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Sunday, March 25, 2018

MLB Predictions 2018

In this winter of our free agent's discontent, we've finally seen the last significant free agent sign with a team just over a week to go before Opening Day. Congrats Alex Cobb on holding out for the contract you deserved. Now that the majority of rosters are set, it's time for my annual dart throw as to how the 2018 season is going to unfold. My 2017 predictions turned out to be all over the place. I got 4 division winners right (Astros, Indians, Red Sox, and Cubs) and got 6 out of 10 playoff teams (Nationals, Dodgers). My World Series prediction was mostly awful since I had the Indians beating the Giants and the Indians choked in the first round while the Giants were the worst team in baseball (technically they tied the Tigers but c'mon). I got all of the major player awards wrong. But just like the return of spring allows teams to dream of glory, I too can hope this will be the year all my predictions come true. Here they are...

(Division winners bolded, wildcard teams italicized)

AL East: Yankees, Red Sox, Blue Jays, Rays, Orioles
AL Central: Indians, Twins, Royals, White Sox, Tigers
AL West: Astros, Angels, Rangers, Mariners, A's

NL East: Nationals, Phillies, Mets, Braves, Marlins
NL Central: Cubs, Cardinals, Brewers, Pirates, Reds
NL West: Dodgers, Dbacks, Rockies, Giants, Padres

ALWC: Red Sox over Angels
NLWC: Phillies over Cardinals

ALDS: Astros over Red Sox, Yankees over Indians
NLDS: Nationals over Phillies, Cubs over Dodgers

ALCS: Yankees over Astros
NLCS: Nationals over Cubs

World Series: Nationals over Yankees

AL MVP: Mike Trout, Angels
NL MVP: Bryce Harper, Nationals
AL CYA: Luis Severino, Yankees
NL CYA: Stephen Strasburg, Nationals
AL ROY: Shohei Otani, Angels
NL ROY: Ozzie Albies, Braves

A look at the AL East: The AL East is looking like it's going to settle back into a New York/Boston showdown for the foreseeable future. The addition of Giancarlo Stanton to what was already a very powerful line-up is going to have the Yanks living up to their nickname as the Bronx Bombers. There's a chance, albeit slight, that every member of their starting line-up hits at least 20 home runs. That's stupid. Pair that offense with an above average bullpen and a capable rotation and you have arguably the American League's best team though they'll have to prove they're better than Houston come the playoffs. Boston added JD Martinez to counter the Stanton get by New York. Both of these teams should be vying for the division title though I think the Yanks power will push them over the top. The Jays are interesting because their rotation could be sneaky good but their line-up has really gone down the tubes from the days when they had Donaldson, Tulo, Bautista, and Encarnacion in their primes. Tulo and Donaldson remain but the rest of the Jays line-up leaves something to be desired. Tampa Bay is young. They gutted their team and even got rid of young guys that could play. However, they always have pitching and it'll carry them enough to avoid last place. The Orioles are a mess and will likely trade their tradeable vets by the deadline, including their superstar shortstop Manny Machado. Once the vets go, the O's will likely be competing for a top 5 draft pick in 2019.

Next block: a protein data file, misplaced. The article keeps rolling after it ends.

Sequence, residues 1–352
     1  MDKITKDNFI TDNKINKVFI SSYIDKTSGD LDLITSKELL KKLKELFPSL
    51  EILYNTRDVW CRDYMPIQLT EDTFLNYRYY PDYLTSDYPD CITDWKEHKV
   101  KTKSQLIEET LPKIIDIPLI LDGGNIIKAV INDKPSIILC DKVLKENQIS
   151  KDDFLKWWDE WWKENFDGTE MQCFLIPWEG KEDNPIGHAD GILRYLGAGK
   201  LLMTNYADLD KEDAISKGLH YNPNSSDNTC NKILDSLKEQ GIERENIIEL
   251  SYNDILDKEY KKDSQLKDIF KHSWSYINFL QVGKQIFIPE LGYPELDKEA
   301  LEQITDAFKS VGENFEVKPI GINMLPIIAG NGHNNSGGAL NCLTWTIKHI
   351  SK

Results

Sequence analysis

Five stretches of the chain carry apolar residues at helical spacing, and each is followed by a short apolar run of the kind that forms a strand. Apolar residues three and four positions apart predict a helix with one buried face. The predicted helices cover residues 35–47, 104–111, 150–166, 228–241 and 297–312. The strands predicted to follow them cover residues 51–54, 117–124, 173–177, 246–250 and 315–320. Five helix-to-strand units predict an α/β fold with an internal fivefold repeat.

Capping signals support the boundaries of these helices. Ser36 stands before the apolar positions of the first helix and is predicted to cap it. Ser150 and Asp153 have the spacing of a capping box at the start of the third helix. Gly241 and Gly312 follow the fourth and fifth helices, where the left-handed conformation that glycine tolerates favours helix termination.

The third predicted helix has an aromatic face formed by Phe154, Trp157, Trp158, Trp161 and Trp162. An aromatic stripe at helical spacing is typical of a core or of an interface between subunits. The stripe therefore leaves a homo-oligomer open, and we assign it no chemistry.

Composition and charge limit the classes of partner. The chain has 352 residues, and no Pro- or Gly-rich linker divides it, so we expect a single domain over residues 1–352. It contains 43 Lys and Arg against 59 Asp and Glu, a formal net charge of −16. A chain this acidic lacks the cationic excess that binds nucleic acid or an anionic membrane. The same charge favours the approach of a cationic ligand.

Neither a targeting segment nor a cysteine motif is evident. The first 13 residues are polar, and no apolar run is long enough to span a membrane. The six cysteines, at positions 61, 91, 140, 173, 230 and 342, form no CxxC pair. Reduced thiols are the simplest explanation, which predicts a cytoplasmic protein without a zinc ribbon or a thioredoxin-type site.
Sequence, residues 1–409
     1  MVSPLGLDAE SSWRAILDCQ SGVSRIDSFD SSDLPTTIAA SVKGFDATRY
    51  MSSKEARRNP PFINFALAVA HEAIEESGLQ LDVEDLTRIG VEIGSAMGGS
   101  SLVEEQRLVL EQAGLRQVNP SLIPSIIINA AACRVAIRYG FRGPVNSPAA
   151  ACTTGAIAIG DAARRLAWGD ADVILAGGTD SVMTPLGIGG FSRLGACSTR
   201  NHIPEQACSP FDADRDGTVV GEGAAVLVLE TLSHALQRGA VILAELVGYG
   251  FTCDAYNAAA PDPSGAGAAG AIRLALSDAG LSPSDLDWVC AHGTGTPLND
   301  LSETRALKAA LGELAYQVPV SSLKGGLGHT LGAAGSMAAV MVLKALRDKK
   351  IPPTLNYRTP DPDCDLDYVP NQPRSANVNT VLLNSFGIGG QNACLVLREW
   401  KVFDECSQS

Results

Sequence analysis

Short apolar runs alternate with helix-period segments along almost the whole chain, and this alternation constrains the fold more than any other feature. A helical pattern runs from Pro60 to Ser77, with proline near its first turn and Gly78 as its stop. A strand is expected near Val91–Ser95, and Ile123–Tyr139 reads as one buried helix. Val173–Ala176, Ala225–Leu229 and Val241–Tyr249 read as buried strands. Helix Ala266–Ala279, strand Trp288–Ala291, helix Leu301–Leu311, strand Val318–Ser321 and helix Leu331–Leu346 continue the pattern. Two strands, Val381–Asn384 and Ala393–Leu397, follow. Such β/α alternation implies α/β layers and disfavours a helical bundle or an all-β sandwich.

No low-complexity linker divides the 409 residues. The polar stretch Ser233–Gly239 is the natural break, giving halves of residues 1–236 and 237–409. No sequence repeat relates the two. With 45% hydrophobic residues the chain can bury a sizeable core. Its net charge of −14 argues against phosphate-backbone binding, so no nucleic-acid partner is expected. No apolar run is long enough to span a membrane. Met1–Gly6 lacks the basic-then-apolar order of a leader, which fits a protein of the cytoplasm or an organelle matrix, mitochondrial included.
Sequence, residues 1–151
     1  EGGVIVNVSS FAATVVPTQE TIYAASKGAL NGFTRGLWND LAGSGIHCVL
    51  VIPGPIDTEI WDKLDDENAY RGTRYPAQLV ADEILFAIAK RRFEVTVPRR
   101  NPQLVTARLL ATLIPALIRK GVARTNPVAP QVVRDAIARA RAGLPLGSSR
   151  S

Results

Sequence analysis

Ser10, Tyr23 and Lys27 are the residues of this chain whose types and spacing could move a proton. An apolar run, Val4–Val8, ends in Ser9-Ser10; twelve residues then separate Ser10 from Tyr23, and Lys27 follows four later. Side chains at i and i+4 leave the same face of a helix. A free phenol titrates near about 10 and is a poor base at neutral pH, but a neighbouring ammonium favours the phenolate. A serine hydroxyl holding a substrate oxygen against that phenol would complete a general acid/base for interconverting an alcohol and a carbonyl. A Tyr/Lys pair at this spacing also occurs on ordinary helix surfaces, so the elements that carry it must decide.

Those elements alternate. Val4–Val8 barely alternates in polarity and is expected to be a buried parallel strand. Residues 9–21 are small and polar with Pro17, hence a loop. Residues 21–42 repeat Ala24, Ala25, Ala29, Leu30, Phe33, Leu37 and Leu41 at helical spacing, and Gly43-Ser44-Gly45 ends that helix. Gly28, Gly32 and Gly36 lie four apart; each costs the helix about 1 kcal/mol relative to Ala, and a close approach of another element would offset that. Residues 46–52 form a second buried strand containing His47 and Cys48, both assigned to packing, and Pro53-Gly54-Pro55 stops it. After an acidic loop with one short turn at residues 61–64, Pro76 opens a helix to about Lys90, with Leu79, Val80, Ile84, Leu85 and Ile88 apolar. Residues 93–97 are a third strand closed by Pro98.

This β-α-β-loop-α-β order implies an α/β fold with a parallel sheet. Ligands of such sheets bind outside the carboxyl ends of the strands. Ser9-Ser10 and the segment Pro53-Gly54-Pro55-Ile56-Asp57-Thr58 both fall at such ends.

A look at the AL Central: The Indians didn't do much this offseason which is somewhat shocking given they have a really good opportunity to go to the World Series. It would have been nice to do a little more to replace Carlos Santana aside from sign Yonder Alonso but the Tribe are still well rounded enough to take a weak division. The bullpen is still good enough with Cody Allen and Andrew Miller in the backend and the rotation should be above average with Corey Kluber and Carlos Carrasco as the co-aces upfront. The Twins were surprise contenders last season and snuck into the wildcard game. Their line-up is talented and deep but there are some question marks surrounding their pitching, both in the rotation and bullpen. Anytime a team is relying on Fernando Rodney to close games, you can't quite take that team seriously. The Twins had a great chance in a ridiculously slow free agent market to make some solid additions to their rotation where they really could use upgrades. They signed Lance Lynn and traded for Jake Odorizzi but Twins fans have to be asking why couldn't they have done more? However, in a weak division, the Twins should be able to contend again for a wildcard. The Royals rebuild is in full swing and despite having some talent it would take a lot to go right for KC to become a legit contender. The more likely scenario is they trade some guys come the deadline and go for a full rebuild that will start in earnest in July. The White Sox and Tigers are equally bad but in different ways. The White Sox are in the middle of their rebuild and will have a lot of young talent on display this season. But they'd all have to breakout for the Sox to become competitive. The Tigers window has slammed shut but they also have some large contracts to veteran players they won't be able to move. Their rebuild is just beginning and they may sell off their best pitcher in Michael Fulmer for a king's ransom come July.